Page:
"Initially what scared me the most was for my wife, my loved ones, and my family, getting it from me, essentially getting it and passing it on to others," said Denver Health correctional care nurse Matthew, RN.
Hospital Cleaning Staff Talk About Working During COVID-19
On the non-medical side, some of our housekeeping staff shared those concerns about working in an environment so close to patients with this virus.
"I was really concerned at first of bringing the virus home to my family, being concerned about it being on my clothes and then coming home and hugging my grandkids and my kids," said environmental services (EVS) worker Venus Weddington. Weddington cleans, disinfects and sanitizes patient rooms in the emergency department.
"When COVID started I was very nervous and scared for my family," said Diana Correa Hernandez, who cleans patient rooms in the Medical Intensive Care Unit.
"It was very stressful in the beginning because we were all new to what was going on," EVS worker Karol Galdamez agreed. "But as the days went by, I felt more confident knowing we were safe and I was doing important work."
Why Health Care Workers Still Love Their Jobs
All the frontline workers said that as time passed, they began to feel more comfortable.
"I kept coming back because of my patients," said mom and baby nurse Zenyace "Zen" Carrillo, RN. "I like taking care of moms and babies, and I give them the same treatment whether they are COVID positive or not."
"The one thing that really pulled me out of the depths of despair and fear and anxiety was the community support surrounding health care workers and the thank-you notes written by patients and friends," said Dr. Thiessen.
Peggy Christian, a certified nursing assistant on the COVID unit, is one of many health care workers who came down with COVID and is now back to work after recovery. She uses her experience to connect to her patients and give them hope. "I love working in the COVID area because that gives me the opportunity to tell my patients, 'Okay, I had it and I made it, so you can make it, too.'"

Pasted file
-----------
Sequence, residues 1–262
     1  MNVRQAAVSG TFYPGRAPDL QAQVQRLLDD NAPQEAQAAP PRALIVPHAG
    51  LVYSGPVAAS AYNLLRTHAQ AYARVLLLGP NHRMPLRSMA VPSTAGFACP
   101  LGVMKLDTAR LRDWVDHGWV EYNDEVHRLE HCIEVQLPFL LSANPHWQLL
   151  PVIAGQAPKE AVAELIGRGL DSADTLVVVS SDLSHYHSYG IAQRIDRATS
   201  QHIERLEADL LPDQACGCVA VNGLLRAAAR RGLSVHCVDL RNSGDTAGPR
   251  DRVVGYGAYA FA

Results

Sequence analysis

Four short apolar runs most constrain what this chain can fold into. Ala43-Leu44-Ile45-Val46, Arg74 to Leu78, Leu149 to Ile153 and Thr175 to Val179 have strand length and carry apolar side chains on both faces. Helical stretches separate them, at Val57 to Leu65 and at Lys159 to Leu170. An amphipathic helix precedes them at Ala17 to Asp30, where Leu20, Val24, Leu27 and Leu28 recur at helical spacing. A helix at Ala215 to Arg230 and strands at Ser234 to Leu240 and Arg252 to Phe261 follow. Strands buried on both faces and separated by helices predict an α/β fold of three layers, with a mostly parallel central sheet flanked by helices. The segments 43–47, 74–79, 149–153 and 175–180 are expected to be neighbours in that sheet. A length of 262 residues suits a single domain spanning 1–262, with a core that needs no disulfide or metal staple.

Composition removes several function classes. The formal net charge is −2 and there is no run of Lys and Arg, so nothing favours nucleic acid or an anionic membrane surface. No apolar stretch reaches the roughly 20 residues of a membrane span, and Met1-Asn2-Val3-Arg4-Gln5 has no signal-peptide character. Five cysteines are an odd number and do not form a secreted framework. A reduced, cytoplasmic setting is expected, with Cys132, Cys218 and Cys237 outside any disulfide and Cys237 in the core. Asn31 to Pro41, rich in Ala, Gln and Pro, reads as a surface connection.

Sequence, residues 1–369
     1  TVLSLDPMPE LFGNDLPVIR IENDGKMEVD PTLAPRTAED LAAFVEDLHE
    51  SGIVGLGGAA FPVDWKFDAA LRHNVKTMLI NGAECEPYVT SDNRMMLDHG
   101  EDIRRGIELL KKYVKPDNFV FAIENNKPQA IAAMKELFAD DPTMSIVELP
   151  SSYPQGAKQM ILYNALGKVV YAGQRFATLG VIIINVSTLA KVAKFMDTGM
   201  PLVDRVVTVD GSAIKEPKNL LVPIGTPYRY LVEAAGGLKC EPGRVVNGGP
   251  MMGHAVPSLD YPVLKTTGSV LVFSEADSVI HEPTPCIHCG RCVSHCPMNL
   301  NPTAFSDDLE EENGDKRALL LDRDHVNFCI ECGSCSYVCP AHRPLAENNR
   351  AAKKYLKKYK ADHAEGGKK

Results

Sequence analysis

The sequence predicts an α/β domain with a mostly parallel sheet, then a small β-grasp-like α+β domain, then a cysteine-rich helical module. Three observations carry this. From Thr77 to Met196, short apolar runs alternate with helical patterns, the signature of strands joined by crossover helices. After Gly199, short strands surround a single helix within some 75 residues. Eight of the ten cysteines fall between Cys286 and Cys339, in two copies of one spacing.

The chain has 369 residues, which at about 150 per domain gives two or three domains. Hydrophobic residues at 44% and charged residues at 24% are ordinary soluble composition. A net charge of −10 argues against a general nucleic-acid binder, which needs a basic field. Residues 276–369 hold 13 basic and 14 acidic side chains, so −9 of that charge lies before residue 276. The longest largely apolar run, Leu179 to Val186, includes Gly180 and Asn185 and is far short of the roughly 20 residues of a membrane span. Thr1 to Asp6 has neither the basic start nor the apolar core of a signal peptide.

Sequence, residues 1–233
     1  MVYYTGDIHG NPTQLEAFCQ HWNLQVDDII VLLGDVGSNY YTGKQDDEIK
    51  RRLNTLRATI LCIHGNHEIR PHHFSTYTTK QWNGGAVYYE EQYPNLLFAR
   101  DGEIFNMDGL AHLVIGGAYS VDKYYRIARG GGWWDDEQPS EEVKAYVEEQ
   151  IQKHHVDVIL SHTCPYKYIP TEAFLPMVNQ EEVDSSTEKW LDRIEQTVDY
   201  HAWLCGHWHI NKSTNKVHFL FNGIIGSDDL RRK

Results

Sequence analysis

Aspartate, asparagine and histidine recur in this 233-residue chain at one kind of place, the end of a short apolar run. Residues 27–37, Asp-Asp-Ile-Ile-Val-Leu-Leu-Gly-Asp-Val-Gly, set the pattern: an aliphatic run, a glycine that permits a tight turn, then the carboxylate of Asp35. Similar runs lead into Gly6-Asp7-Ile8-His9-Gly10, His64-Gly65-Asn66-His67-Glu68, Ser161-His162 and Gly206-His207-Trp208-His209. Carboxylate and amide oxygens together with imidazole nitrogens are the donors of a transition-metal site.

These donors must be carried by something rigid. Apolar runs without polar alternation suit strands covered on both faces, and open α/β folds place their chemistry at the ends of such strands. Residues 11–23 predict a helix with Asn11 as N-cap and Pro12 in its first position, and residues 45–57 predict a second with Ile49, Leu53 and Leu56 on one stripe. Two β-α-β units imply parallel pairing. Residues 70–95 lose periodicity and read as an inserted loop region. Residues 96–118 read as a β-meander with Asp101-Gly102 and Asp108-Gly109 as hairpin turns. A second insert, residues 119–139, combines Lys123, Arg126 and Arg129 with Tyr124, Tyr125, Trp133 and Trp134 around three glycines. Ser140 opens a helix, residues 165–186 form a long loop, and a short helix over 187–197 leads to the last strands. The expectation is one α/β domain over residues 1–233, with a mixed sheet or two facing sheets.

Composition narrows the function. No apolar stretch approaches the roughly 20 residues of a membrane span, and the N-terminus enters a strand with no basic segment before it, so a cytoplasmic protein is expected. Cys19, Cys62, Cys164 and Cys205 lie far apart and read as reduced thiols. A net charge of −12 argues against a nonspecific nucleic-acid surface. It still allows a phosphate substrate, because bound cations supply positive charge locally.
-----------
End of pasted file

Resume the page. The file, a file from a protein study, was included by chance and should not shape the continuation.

Yates talked about "tunnels" that the nurses and providers make for COVID patients who have been intubated and – as she put it – "gone through the ringer" and then have recovered and are getting discharged. The patients walk through as all of their caregivers applaud for them. "That is one of the coolest things to experience."
Sometimes it's the little things that stick out the most. As Fonken put it, "I had a patient who was on a ventilator for over a month and I found out that all he wanted when he got off the ventilator was a grape Powerade... and when he did get off the ventilator, I got him his grape Powerade. It's the small things like that make the biggest difference."
"Through this whole emergency I have not heard an emergency physician or emergency nurse or an emergency tech or a paramedic say, 'I'm not going to come to work because I'm afraid of COVID,'" said emergency physician Eric Lavonas, MD. "I love my job and I'll always keep coming to work. We are experts in the care of critically ill and injured people. If we weren't here, there'd be nobody for these patients.
“We’re going to keep coming to work and we'll always be here for you."
Finally, Matthew from correctional care echoed so many others' feelings: "I love what I do. I chose this profession because I wanted to be on the front line doing this, and there's nothing else I wanna do."